Source: Hi-Crush Partners
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Few energy stocks have been more hard hit over thepast 20 monthsbyplunging oil pricesas frack sand producersHi-Crush Partners , US Silica Holdings , Emerge Energy Services , orFairmount Santrol .
With no clear end in sight to low energy prices and rig counts down 67% since their 2014 highs (and continuing to decline), let's take a look at Hi-Crush's 2015 earnings to see just how much damage was done to its underlying growth thesis; what the biggest threats to Hi-Crush Partnersare in 2016; and whether or not it's worth buying at today's deeply depressed levels.
2015 full year results
Source: earnings release
About the only good thing about 2015 was that Hi-Crush Partners was able to sell more sand than last year. That was a result of two factors, rising sand intensity per well from oil and gas producers, and its efforts in the first three quarters of 2015 to win market share from higher priced competitors.
However, with itscontribution marginper ton collapsing 31% in the fourth quarter of 2015, to just $9.66 per ton, investors need to be prepared for the MLP's Adjusted EBITDA, DCF, and profitability in 2016 to decline even further.
Management has made heroic efforts to support margins via massive cost reductions, painful layoffs, andshutting downits least profitable facilities. For example, in just the lastsix months it slashed its workforce by 23% and idled its Augusta mine and supporting facilities.
One potential piece of good news is thatHi-Crush and many of its customers don't expect sand prices to fall much further, and CEO Robert Rasmus told analysts at the quarterly conference call that Hi-Crush is "unwilling to take orders that aren't profitable."
While that may limit the amount of new market share the MLP can win from more desperate competitors who are willing to sell sand at below cost, it also means that Hi-Crush is more likely to hit its amended debt covenants.
Don't expect a return of the payout anytime soonGiven that Hi-Crush is an MLP and designed to payoutdistributable cash flowas quarterly distributions (which were suspended in Q3), investorsmay becurious as to why Hi-Crush didn't payout at least a token amount given its $15.7 million in distributable cash flow this quarter.
While its amended credit agreement does entitle it todistribute as much as 50% of quarterly DCF (minus principal debt payments)management is choosing to be conservative and maintain maximum financial flexibility given the large uncertainty regarding the potential timing and magnitude of a recovery in energy prices.
This is an appropriate decision considering that its long-term debt increased 27% in 2015,making the MLP more dependent than ever on remaining within its creditor's good graces.
Risks to watch for in 2016
Source: earnings presentation.
As you can see for the next five quarters Hi-Crush has an increasingly large minimum EBITDA target it musthit to remain in compliance with its new debt agreement. With contribution margin per ton likely to be lower this year than last, and sand volume potentially threatened by the ongoing decline in rig counts, Hi-Crush is far from guaranteed to hit those EBITDA minimums.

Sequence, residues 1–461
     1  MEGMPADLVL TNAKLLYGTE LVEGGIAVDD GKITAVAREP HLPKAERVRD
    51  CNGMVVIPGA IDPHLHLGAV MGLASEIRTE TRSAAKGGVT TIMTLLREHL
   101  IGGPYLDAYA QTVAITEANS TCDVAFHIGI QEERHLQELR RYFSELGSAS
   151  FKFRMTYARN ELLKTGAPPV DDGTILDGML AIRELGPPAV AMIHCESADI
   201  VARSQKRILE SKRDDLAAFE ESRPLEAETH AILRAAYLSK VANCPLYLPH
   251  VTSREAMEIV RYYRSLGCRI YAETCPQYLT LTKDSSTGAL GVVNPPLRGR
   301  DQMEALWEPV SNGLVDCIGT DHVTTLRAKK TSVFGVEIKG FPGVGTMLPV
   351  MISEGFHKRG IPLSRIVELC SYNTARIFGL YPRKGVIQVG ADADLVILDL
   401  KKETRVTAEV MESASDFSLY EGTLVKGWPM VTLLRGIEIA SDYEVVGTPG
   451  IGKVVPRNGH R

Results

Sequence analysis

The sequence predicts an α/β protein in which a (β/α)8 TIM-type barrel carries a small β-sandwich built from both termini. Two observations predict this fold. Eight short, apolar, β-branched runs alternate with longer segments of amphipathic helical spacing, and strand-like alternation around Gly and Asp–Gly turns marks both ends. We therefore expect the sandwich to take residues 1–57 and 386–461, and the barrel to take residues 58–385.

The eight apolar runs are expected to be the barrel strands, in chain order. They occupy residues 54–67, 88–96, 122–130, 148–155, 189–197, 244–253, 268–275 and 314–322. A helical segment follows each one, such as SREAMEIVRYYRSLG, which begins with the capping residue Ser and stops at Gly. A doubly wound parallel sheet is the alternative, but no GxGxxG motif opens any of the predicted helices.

Of course the biggest risk to Hi-Crush Partners is energy prices remaining low, or even falling further, and failing to recover sufficiently by early 2017 to reignite demand for frack sand. For example, management says that the declines in sales volumes witnessed in Q4 have continued into Q1 and it anticipates that will continue as long as decreased drilling and fracking activity continues.
This is a risk mirrored by US Silica, who says analysts and customers have told it that rig counts could potentially decline another 30% to 35% in 2016, should energy prices fail to rise.
Hi-Crush competitor Emerge Energy Services remains equally bearish on the short-term forecast for frack sand demand. Emerge Energy just told analysts that it expects no recovery in oil pricesand thus frack sand until the end of 2016 at the earliest, but more likely mid 2017.
Meanwhile, according to the final member of the publicly traded frack sand big four, Fairmount Santrol, pricing pressure is especially bad in the Marcellus and Utica shale, areas in which Hi-Crush is one of the largest sandproviders. This means that investors shouldn't expect America's largest and most prolific gas producing region to provide much margin relief this year.
Bottom lineWhen it comes to energy stocks that stand to potentially benefit immensely from an inevitable recovery in energy pricesfrack sand producers such as Hi-Crush Partners mightfit the bill for higher-risk investors.
However, investors need to understand that due toHi-Crush's MLP business model,which has resulted in a muchmore leveraged balance sheet than c-Corp competitors such as US Silica, it remains a speculative investment.Should low energy prices persist into 2017 or beyond, Hi-Crush'svery survivalmight come down toits creditors'willingness to once again renegotiate its debt agreements.
The article Hi-Crush Partners Had a Devastating 2015 and 2016 Shows No Signs of Relief originally appeared on Fool.com.
Adam Galas has no position in any stocks mentioned. The Motley Fool recommends U.S. Silica Holdings. Try any of our Foolish newsletter services free for 30 days. We Fools may not all hold the same opinions, but we all believe that considering a diverse range of insights makes us better investors. The Motley Fool has a disclosure policy.
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